“Ryan McHugh was absolutely phenomenal and Paddy McBrearty was looking sharp, Jamie [Brennan] pushing on too, Michael Langan kicked a couple of big scores for us.
“We need everybody chipping in, that’s what you need, and everybody put their best foot forward.”
Ryan McHugh was brilliant for Donegal.
Source: James Crombie/INPHO
The Kingdom’s 44th-minute goal was “disappointing,” and while his thoughts for his penalty in the 53rd minute were “just to try and hopefully hit the back of the net,” 29-year-old Murphy was encouraged his side were really finding their form at the same time.
of the team
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More about the team than him.
“It was a good kick to get but like, whether we got the penalty or not at that stage we were starting to play well and that was more important.
“Coming down the stretch, we were getting stronger, and stronger, and stronger. It was just that three-minute period where Kerry got the back-to-back scores to go one up, that was the disappointing part.
“But apart from that there, we were stronger coming down the straight.
He added: “That’s the form of the Super 8s. It’s game on game. It’s great to be a part of it, and it was a great game to be a part of.”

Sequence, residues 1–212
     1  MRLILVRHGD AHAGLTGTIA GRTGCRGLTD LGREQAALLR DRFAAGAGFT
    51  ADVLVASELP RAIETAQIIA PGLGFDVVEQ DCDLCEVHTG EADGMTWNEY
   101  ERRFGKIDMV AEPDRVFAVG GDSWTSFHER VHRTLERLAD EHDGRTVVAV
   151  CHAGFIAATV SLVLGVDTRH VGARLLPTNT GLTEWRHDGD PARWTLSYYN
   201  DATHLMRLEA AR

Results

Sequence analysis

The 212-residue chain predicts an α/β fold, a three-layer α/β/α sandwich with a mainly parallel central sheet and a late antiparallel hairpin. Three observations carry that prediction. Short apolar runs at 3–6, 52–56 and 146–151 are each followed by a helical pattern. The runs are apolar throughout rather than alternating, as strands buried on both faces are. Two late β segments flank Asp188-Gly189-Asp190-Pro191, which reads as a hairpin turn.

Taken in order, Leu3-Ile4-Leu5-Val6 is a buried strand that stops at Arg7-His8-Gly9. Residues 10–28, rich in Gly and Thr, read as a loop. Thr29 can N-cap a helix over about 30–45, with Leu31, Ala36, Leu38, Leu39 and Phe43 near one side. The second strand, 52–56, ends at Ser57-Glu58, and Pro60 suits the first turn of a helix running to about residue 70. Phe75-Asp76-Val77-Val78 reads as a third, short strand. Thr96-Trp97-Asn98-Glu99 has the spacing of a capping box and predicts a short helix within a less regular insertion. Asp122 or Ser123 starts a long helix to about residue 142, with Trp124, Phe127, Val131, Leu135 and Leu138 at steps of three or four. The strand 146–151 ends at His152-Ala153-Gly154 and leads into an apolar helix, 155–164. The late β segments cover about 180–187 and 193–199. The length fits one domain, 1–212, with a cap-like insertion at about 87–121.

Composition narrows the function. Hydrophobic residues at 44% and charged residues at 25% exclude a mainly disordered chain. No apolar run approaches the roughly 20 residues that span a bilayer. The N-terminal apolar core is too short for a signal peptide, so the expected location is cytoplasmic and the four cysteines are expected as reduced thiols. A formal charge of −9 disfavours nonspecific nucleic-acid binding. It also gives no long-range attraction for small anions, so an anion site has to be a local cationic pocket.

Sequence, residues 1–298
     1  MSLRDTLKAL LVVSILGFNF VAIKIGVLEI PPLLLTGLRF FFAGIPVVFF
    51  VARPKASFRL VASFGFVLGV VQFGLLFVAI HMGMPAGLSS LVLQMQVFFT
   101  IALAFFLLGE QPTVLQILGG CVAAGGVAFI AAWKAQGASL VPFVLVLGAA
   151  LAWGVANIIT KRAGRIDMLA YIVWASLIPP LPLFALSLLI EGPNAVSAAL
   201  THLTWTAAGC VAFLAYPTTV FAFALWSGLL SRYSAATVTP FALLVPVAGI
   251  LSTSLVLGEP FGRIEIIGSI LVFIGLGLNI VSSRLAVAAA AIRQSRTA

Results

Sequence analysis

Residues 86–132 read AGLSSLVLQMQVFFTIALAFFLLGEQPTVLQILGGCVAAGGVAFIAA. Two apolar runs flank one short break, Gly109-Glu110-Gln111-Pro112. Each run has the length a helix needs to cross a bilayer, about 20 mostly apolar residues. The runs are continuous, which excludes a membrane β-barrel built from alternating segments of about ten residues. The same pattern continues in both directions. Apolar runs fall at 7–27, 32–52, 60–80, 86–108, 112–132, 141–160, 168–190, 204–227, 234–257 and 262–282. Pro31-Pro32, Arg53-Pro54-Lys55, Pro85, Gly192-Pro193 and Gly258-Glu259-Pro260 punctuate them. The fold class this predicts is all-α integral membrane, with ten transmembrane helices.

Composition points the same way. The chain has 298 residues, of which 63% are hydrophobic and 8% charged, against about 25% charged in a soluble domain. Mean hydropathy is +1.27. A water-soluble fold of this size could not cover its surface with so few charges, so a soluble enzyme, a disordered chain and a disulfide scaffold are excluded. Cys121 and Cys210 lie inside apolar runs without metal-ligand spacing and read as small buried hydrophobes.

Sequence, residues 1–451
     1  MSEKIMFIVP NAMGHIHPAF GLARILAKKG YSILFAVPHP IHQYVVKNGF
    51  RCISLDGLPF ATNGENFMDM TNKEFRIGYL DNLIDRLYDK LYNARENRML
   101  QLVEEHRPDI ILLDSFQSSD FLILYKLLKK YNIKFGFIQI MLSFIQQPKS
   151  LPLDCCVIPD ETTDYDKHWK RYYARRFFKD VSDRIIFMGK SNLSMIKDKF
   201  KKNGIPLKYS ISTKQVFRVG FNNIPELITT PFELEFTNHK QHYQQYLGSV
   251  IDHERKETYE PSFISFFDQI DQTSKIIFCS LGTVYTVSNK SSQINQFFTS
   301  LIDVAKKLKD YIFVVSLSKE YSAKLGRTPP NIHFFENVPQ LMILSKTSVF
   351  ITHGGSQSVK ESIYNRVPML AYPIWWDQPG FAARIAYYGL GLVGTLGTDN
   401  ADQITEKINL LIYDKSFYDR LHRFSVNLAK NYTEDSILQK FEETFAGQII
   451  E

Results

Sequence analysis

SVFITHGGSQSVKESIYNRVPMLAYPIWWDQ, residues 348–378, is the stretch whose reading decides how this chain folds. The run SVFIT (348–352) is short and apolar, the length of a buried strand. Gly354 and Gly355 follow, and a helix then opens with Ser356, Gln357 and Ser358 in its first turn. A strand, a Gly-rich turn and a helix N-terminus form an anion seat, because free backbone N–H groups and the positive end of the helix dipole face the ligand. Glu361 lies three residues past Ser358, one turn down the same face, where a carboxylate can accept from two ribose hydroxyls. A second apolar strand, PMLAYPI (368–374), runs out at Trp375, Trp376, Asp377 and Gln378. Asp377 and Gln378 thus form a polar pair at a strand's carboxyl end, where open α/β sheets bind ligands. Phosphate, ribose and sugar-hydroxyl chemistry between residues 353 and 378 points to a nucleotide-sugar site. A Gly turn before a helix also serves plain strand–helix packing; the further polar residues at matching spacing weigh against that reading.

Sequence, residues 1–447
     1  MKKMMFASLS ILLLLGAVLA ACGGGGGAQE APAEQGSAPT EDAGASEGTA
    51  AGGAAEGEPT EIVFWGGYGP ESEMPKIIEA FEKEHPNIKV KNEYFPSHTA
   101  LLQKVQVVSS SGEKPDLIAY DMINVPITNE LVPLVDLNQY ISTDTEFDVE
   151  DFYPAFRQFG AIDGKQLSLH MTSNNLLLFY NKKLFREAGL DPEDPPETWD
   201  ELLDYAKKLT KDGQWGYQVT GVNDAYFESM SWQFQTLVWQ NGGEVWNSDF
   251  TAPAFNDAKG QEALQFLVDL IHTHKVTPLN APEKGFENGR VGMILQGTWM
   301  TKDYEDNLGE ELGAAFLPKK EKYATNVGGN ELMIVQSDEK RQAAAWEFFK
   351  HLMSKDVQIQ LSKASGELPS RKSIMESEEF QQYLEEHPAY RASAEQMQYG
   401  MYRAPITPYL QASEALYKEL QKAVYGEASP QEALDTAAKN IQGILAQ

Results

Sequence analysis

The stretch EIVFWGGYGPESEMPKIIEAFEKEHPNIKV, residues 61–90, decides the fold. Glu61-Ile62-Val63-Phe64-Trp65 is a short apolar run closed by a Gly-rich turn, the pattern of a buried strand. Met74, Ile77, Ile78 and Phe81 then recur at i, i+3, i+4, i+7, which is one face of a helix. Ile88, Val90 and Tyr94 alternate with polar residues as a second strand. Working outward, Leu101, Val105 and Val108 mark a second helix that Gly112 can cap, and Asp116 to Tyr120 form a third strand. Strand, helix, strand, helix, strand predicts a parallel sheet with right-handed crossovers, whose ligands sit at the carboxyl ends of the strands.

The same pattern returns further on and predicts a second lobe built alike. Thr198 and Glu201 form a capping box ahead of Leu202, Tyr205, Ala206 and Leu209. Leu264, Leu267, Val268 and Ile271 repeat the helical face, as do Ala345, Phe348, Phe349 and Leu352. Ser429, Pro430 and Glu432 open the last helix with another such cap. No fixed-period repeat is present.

There was ice in his veins as he took that last-gasp pressure free, and ice on his person afterwards with a pack strapped firmly to his knee; but Murphy assured he was fine and not a concern on Bonner’s growing injury list.
With key defenders Eoghan Bán Gallagher, Neil McGee and Paddy McHugh all sidelined, Murphy was pleased with his “tight-knit group” and the players who were thrown in at the deep end as replacements.
Now they’re in a situation where it’s winner takes all at McHale Park in two weeks’ time.
“It leaves us in a scenario now that we’re going to Castlebar and we need a win against a very strong Mayo side in their own back yard,” he continued.
Murphy after the game.
Source: Ryan Byrne/INPHO
“The camaraderie and everything is great within the group, we’re a very, very tight unit and we’re looking forward to getting up the road, getting recovered and getting a few bodies back which I think we will have going to Castlebar.
“We know the venue down there, we played in it before in a must-win game at the back end of the National League a couple of years ago, so it’s going to be a huge game with everything on the line.”
One person who’ll be under the spotlight quite a lot in the run-up to the Group 1 showdown is Stephen Rochford. James Horan’s predecessor this time around is now in the Donegal backroom team.
Could that be an advantage?
“Listen, you use any edge you can,” Murphy concludes.
“Stephen has been an absolutely huge cog in the whole wheel, along with Gary [Boyle] and Declan and everybody who is there, they’re challenging every single one of us and we’ll be getting back to be challenged again over the next couple of weeks.
“As I said, whatever edge you can, you will use, but both teams know each other fairly well and it’s going to come down to this game and whoever wants it most.
“So that’s the way it’s going to be.”
That it absolutely is.